The Statue of Liberty of Carleton Place

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The Liberty statue is an icon of freedom of the United States: a welcoming signal to immigrants arriving from abroad. Jodie who is portraying Miss Liberty in front of Liberty Tax on 119 Bridge Street in Carleton Place is demonstrating the freedom we have to pay taxes. I know most of you are groaning at that statement, but we are lucky to live in a wonderful town in a free country.

My Great-Grandfather docked on Ellis Island as an immigrant to become a song writer. My Grandfather said he always had a strong feeling for the Statue of Liberty, because it became the statue of friendliness and personal liberty. Well Bill Knauert of Liberty Tax Service wants everyone to know that everyone should come have their taxes done by him because he is offering friendliness. Plus you get a bonus of seeing a local Lady Liberty herself.

What some newcomers to the town don’t know is that we have a Cairn on Emily Street that signifies early freedoms in Carleton Place.


The Cairn above placed on the property now owned by The Bell Telephone Company, which was the original burying site for the Morphy Family, first settlers of this area. In 1819 Edmond Morphy, his wife Barbara Miller and their eight children, the first residents on the site of Carleton Place, emigrated to Upper Canada from Ireland and settled here.

Their land grant, Lots 14 and 15, Concession 12, Beckwith Township, was divided east and west of present-day Bridge Street. Comprising 400 acres was officially deeded to Morphy and his three eldest sons, John, William and James in 1824. By then a village, one of the earliest in the vicinity of the National Capital Region, had begun to develop at “Morphy’s Falls”. Although the first Morphy house, a small log shanty stood on Allan Street, an acre of land was reserved for a family burying ground at this site. Edmond, his wife and several descendants rested here until the 1960’s, when their remains were re-interred.

Erected in 1982 by the Corporation of Carleton Place in appreciation of the efforts of Inez McCoy to have the historic site marked and in co-operation with Bell Canada. Take your children and show them that we too have a permanent memory erected to those that that arrived from abroad.

Files from: The Carleton Place and Beckwith Heritage Museum

Photos by: Linda Seccaspina

Text: Roots Ancestry- Lanark

Carleton Place- The Happiest Damn Town in Lanark County

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Tilting the Kilt, Vintage Whispers from Carleton Place by Linda Seccaspina is available at Wisteria at 62 Bridge Street, the Carleton Place Beckwith Museum in Carleton Place, Ontario and The Mississippi Valley Textile Mill in Almonte.  available on all Amazon sites (Canada, US, Europe) and Barnes and Noble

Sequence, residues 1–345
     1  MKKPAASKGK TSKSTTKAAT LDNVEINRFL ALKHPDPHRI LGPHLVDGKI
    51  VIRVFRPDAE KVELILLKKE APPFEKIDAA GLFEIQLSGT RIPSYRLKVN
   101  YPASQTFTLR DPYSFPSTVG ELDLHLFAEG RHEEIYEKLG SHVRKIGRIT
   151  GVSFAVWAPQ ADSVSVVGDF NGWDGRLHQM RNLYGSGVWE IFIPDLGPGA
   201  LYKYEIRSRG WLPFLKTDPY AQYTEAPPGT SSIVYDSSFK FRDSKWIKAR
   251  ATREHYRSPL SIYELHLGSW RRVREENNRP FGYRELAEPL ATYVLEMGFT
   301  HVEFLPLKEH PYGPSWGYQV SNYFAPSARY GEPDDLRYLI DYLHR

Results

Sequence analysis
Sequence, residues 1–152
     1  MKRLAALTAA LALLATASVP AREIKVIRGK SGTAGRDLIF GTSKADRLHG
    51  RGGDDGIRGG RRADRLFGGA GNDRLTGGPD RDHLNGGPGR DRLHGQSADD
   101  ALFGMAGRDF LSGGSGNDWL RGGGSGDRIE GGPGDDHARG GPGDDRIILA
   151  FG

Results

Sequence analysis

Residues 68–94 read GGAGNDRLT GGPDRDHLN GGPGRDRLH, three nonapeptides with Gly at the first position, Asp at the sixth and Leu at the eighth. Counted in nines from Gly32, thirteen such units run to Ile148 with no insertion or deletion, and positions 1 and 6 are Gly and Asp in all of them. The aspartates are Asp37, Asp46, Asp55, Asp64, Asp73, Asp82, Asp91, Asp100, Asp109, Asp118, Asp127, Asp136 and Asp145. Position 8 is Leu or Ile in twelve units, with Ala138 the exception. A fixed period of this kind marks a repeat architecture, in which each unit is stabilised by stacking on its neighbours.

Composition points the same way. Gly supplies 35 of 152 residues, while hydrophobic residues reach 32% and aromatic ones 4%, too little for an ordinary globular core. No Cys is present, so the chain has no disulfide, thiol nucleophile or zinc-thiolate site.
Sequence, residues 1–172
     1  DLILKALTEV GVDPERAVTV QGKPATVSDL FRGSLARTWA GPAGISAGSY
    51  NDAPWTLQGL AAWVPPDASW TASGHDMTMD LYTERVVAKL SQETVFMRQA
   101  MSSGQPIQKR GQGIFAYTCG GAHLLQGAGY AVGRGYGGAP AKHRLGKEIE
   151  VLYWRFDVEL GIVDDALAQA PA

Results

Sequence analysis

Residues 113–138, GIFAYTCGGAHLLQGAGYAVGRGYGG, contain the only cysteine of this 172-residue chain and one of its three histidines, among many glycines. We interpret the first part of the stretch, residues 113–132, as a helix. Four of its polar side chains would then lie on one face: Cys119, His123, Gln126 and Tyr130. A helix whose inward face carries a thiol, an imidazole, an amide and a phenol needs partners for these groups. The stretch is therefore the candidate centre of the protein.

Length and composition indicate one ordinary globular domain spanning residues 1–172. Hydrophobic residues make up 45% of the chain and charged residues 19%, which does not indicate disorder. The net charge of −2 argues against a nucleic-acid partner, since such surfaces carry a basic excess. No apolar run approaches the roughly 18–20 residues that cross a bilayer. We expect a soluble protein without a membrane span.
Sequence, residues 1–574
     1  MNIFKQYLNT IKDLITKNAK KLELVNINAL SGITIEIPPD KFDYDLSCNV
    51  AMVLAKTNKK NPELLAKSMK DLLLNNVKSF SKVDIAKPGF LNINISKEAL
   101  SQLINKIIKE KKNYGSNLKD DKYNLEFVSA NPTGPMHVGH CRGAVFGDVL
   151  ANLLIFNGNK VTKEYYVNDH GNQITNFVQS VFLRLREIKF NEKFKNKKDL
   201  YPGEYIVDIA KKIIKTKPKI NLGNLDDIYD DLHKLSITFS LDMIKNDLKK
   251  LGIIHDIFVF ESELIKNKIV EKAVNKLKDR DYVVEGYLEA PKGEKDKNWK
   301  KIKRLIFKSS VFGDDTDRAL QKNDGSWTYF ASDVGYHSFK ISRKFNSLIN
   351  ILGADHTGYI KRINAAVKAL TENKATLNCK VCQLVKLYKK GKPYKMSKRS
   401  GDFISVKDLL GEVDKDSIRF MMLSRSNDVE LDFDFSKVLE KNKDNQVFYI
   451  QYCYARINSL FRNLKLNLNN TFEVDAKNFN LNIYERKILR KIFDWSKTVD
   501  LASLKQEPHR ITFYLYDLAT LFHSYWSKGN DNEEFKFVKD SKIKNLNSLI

About lindaseccaspina

Linda Knight Seccaspina was born in Cowansville, Quebec about the same time as the wheel was invented and the first time she realized she could tell a tale was when she got caught passing her smutty stories around in Grade 7 at CHS by Mrs. Blinn. When Derek "Wheels" Wheeler from Degrassi Jr. High died in 2010, Linda wrote her own obituary. Some people said she should think about a career in writing obituaries. Before she laid her fingers to a keyboard, Linda owned the eclectic store Flash Cadilac and Savannah Devilles in Ottawa from 1976-1996. After writing for years about things that she cared about or pissed her off she finally found her calling. Is it sex drugs and rock n' roll you might ask? No, it is history. Seeing that her very first boyfriend in Grade 5 (who she won a Twist contest with in the 60s) is the head of the Brome Misissiquoi Historical Society and also specializes in local history back in Quebec, she finds that quite funny. She writes every single day and is also a columnist for Hometown News and Screamin's Mamas. She is a volunteer for the Carleton Place and Beckwith Heritage Museum, an admin for the Lanark County Genealogical Society Facebook page, and a local guest speaker. She has been now labelled an historian by the locals which in her mind is wrong. You see she will never be like the iconic local Lanark County historian Howard Morton Brown, nor like famed local writer Mary Cook. She proudly calls herself The National Enquirer Historical writer of Lanark County, and that she can live with. Linda has been called the most stubborn woman in Lanark County, and has requested her ashes to be distributed in any Casino parking lot as close to any Wheel of Fortune machine as you can get. But since she wrote her obituary, most people assume she's already dead. Linda has published six books, "Menopausal Woman From the Corn," "Cowansville High Misremembered," "Naked Yoga, Twinkies and Celebrities," "Cancer Calls Collect," "The Tilted Kilt-Vintage Whispers of Carleton Place," and "Flashbacks of Little Miss Flash Cadilac." All are available at Amazon in paperback and Kindle. Linda's books are for sale on Amazon or at Wisteria · 62 Bridge Street · Carleton Place, Ottawa, Canada, and at the Carleton Place and Beckwith Heritage Museum · 267 Edmund Street · Carleton Place, Ottawa, Canada--Appleton Museum-Mississippi Textile Mill and Mill Street Books and Heritage House Museum and The Artists Loft in Smith Falls.

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